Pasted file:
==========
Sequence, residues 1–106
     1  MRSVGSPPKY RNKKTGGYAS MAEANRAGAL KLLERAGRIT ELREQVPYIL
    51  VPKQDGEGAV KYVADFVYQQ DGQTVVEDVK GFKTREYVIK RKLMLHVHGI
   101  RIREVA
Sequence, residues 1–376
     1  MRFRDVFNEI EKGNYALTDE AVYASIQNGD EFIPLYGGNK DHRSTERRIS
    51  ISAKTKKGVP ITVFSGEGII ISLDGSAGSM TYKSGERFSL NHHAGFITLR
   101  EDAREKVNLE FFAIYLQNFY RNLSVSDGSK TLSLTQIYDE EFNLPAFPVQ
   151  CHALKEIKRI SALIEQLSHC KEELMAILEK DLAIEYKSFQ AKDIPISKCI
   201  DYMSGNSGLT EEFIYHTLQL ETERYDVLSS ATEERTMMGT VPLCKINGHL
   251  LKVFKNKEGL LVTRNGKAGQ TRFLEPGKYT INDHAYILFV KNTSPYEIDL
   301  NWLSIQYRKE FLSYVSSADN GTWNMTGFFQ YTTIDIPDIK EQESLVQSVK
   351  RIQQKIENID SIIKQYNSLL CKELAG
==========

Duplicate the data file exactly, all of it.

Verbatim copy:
Sequence, residues 1–106
     1  MRSVGSPPKY RNKKTGGYAS MAEANRAGAL KLLERAGRIT ELREQVPYIL
    51  VPKQDGEGAV KYVADFVYQQ DGQTVVEDVK GFKTREYVIK RKLMLHVHGI
   101  RIREVA
Sequence, residues 1–376
     1  MRFRDVFNEI EKGNYALTDE AVYASIQNGD EFIPLYGGNK DHRSTERRIS
    51  ISAKTKKGVP ITVFSGEGII ISLDGSAGSM TYKSGERFSL NHHAGFITLR
   101  EDAREKVNLE FFAIYLQNFY RNLSVSDGSK TLSLTQIYDE EFNLPAFPVQ
   151  CHALKEIKRI SALIEQLSHC KEELMAILEK DLAIEYKSFQ AKDIPISKCI
   201  DYMSGNSGLT EEFIYHTLQL ETERYDVLSS ATEERTMMGT VPLCKINGHL
   251  LKVFKNKEGL LVTRNGKAGQ TRFLEPGKYT INDHAYILFV KNTSPYEIDL
   301  NWLSIQYRKE FLSYVSSADN GTWNMTGFFQ YTTIDIPDIK EQESLVQSVK
   351  RIQQKIENID SIIKQYNSLL CKELAG